Corby Borough Council has decided to appeal against the judgement in the case of children who claimed that their birth defects were caused by toxins released into the atmosphere during reclamation works on a former British Steel site.
Following a three month trial a judge decided that the reclamation works between 1985 and 1999 were capable of leading to some, or all of the birth defects displayed in 16 out of the 18 children involved in the case. This decision opens the door for each of the children to make individual claims for compensation.
The decision to appeal against the judgement was made by the Council at a special meeting on Tuesday 18th August.
Chief Executive Chris Mallender commented: “This has not been an easy decision for the Council to reach and has not been taken lightly. We are all too well aware that this on-going litigation is causing the children and their families continued stress and uncertainty. However, the Council has to balance this issue against its rights and duties to the wider population and to council tax-payers.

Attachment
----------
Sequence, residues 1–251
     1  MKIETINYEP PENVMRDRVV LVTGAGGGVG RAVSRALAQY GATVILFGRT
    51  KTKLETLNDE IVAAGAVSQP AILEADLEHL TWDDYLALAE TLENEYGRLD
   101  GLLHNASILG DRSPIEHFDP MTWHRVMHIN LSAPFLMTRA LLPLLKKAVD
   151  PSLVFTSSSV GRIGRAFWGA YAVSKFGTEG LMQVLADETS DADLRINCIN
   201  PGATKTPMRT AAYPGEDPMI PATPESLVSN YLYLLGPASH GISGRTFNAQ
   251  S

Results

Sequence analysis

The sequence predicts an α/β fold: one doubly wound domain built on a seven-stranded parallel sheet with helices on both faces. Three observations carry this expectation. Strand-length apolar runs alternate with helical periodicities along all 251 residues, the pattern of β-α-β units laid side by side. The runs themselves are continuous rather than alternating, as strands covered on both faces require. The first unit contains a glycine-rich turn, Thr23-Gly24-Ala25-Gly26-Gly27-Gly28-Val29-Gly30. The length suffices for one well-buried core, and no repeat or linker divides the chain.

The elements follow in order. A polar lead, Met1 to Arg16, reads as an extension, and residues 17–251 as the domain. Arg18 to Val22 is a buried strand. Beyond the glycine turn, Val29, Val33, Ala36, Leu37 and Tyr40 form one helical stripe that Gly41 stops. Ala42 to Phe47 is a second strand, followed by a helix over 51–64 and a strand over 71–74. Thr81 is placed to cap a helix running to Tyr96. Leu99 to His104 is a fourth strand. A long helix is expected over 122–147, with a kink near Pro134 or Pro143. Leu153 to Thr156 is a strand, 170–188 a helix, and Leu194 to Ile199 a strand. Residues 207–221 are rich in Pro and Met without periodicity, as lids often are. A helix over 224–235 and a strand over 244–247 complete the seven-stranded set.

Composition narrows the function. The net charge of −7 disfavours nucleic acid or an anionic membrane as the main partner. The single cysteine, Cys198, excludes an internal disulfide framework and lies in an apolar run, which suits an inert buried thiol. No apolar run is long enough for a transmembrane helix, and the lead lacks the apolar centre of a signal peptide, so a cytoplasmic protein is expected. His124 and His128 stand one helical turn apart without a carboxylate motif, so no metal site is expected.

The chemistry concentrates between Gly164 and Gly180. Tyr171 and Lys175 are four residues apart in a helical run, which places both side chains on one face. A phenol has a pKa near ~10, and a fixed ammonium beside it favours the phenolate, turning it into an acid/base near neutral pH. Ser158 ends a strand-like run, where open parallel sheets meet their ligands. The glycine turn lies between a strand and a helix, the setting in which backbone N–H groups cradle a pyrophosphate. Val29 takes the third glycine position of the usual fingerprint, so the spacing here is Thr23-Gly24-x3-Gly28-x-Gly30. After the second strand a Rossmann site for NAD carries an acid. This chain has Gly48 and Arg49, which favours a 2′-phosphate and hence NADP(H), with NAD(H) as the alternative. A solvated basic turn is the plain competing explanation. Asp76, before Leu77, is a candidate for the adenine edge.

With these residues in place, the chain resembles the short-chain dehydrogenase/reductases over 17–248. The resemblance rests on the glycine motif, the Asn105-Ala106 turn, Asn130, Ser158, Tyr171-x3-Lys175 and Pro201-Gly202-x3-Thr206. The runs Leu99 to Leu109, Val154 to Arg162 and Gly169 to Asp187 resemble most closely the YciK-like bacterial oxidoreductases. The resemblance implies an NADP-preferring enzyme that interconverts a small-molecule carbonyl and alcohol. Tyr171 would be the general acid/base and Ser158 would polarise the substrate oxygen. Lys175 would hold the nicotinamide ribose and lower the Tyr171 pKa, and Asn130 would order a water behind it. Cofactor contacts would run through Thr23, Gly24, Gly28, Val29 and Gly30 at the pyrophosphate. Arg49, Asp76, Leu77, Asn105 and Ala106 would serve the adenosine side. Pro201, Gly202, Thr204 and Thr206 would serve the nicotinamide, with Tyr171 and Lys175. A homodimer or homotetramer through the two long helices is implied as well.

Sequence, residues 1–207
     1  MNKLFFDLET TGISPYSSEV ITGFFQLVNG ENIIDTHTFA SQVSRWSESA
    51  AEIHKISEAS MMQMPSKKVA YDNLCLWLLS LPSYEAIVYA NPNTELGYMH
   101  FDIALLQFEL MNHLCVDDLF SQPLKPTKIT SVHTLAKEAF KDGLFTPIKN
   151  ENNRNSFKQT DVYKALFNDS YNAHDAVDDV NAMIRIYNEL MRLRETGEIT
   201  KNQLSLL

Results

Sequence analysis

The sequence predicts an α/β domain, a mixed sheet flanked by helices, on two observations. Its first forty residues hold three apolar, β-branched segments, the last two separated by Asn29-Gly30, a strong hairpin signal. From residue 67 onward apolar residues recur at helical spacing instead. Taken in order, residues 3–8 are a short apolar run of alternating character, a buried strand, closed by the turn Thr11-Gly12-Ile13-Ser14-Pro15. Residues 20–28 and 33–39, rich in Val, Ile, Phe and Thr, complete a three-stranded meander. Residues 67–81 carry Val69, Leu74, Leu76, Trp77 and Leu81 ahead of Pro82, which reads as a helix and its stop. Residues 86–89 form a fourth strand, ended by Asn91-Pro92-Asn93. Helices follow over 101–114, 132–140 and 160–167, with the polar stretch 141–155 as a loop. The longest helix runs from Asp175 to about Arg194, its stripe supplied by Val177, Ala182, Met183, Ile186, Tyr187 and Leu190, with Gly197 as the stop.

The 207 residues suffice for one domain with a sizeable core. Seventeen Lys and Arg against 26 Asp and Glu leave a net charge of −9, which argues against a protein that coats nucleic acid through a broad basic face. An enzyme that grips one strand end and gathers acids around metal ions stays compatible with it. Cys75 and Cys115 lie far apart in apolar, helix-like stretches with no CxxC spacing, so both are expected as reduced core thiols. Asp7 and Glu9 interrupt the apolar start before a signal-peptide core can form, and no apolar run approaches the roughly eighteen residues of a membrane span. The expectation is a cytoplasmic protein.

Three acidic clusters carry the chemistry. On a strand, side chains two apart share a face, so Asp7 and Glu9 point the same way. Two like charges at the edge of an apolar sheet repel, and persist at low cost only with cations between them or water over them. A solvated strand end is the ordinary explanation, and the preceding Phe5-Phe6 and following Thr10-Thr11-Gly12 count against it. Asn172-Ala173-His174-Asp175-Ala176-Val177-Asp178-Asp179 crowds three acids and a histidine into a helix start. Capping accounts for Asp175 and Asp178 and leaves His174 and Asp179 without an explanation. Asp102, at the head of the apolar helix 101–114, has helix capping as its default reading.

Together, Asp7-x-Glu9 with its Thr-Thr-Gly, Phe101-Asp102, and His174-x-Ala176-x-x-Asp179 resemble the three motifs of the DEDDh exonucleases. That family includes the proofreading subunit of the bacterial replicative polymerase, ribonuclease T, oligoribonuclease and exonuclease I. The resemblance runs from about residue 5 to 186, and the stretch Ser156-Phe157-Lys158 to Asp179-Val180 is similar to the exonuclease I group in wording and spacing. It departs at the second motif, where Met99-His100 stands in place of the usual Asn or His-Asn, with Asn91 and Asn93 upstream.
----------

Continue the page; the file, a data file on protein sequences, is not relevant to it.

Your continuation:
“In reaching the decision to appeal we have taken advice from our legal team who believe there are serious and significant flaws in the judgement which must be reviewed. If the judgement goes unchallenged it could have very serious implications, not only for Corby, but also for other local authorities who have redeveloped industrial sites in the past, or who are planning redevelop of brownfield sites in the future.
“Nevertheless, while continuing with the appeal we are quite prepared to consider ways in which we can bring the case to an end for the 16 claimants involved. This may be through independent mediation and we will be exploring this possibility with the families involved as the Council remains committed to reaching a conclusion to their individual cases as soon as possible.”